Yesterday I received my first answers to my Ten Questions that I posted last month, having sent the questions to most of the First District Congressional participants [except the late-arriving E.J. Pipkin, who can answer them after he reads them here, just e-mail replies to ttownjotes (at) yahoo.com.] However, these particular answers aren’t from a participant in our local election.
Instead, they come from a gentleman who’s running in Maryland’s Fourth District race, a district currently represented by Rep. Albert Wynn. His name is Michael Starkman and he’s one of the four Republicans vying for that seat. Part of his campaign site tells about his interesting background, particularly his faith.
Some may ask why I’m printing his answers despite my base on the Eastern Shore, far from the Montgomery/PG County area District 4 lies in, and I have three reasons. First of all, Mr. Starkman found my website, introduced himself, and willingly answered the questions when the opportunity was extended to him.
Secondly I’ll crosspost this article as a contributor to Red Maryland, which is read by people all over the state, including his district.
Third and most importantly, it shows that someone is interested in having a campaign that’s based on the issues. Perhaps another aspirant from that district – or any other – will see that someone is willing to answer these questions that I think are tough but fair.
Here’s how Michael Moshe Starkman (which is how his name will appear on the ballot) answered the Ten Questions. As in past Ten Questions practice, I do not edit the remarks so any misspellings, poor grammar, and the like is reflected in the answers. They are in standard type with my questions in italics.
Right after the 9/11 attacks President Bush noted that the retaliatory fighting soon to ensue would be a long-term effort. Since then the focus has been on military targets in Iraq and Afghanistan. How do you best feel we can achieve victory in this effort?
I believe victory will be achieved through redoubling efforts to engage allied countries; strengthening our human intelligence network in the Middle East; and demonstrating early, decisive advances against known terrorist entities.
Last year Congress passed a measure intended to begin construction of a security fence along the Mexican border. More recently the immigration bill that some decried as amnesty failed to attain cloture in the Senate. If you’re elected do you feel we should pursue border security first or deal with those illegal immigrants already here?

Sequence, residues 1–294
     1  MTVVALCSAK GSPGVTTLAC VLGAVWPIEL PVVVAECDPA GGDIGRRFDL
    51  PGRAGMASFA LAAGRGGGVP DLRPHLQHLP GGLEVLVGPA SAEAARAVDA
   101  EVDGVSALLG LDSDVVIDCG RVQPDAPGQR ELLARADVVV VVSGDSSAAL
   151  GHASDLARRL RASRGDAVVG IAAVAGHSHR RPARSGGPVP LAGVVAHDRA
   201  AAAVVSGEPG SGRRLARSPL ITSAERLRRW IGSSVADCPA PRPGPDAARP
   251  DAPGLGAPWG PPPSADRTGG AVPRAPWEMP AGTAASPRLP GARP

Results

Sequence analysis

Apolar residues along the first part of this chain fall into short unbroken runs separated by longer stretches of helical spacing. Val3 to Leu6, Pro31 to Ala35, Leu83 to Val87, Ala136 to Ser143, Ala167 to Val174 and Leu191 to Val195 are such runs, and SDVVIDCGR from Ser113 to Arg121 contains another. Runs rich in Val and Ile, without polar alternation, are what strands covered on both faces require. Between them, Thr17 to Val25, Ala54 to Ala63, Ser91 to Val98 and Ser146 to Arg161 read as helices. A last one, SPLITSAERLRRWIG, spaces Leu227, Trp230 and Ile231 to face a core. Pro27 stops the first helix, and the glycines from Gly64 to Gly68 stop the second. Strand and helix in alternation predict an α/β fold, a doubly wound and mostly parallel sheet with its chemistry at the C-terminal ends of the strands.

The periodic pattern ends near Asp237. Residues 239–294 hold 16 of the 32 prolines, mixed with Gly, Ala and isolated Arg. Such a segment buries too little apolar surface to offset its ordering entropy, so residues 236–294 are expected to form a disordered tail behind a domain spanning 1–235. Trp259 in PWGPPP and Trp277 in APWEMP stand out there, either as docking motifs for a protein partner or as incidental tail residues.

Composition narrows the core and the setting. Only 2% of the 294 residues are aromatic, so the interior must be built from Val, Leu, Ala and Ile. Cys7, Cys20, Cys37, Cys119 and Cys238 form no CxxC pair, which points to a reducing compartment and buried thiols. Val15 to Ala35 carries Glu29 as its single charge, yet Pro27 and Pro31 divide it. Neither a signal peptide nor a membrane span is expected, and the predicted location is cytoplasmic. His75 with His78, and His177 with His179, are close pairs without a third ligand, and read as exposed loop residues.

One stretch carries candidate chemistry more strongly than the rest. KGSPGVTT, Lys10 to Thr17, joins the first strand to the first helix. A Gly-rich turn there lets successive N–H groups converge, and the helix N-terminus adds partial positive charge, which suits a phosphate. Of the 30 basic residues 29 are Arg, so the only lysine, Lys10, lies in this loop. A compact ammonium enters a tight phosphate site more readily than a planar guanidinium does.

Fence first, there is no question.
While an energy bill (HR 6) passed through Congress this year it did little to impact gasoline prices. Renewable energy is a sound long-term goal, but reality is that we’re decades away from those sources being the mainstay of our energy use. For the short- to medium-term, what steps do you feel we should undertake to cut our dependence on foreign oil sources?
Identifying domestic energy sources and encouraging citizens to utilize energy efficient tools will begin the path towards independence. Energy is an issue that I am currently researching and retain the right to substantially revise my opinion upon further consideration.
While the current Congressional majority had as part of their 2006 campaign the promise to eliminate the “culture of corruption”, the reality has been that members of both parties have been caught in illegal or at least dubious actions since the 110th Congress got underway back in January. What reforms would you like to see enacted in the 111th Congress to make it more accountable to the voters?
I would like to see greater transparency in spending and a drastic reduction, if not altogether elimination, of earmarked projects.
In 2006 then-Massachusetts Governor Mitt Romney signed a bill into law mandating the state’s residents carry health insurance of some sort, whether through their employer, privately, or via the state. Would you support a similar program as a federal initiative, leave it up to the states, or come up with another system – and why?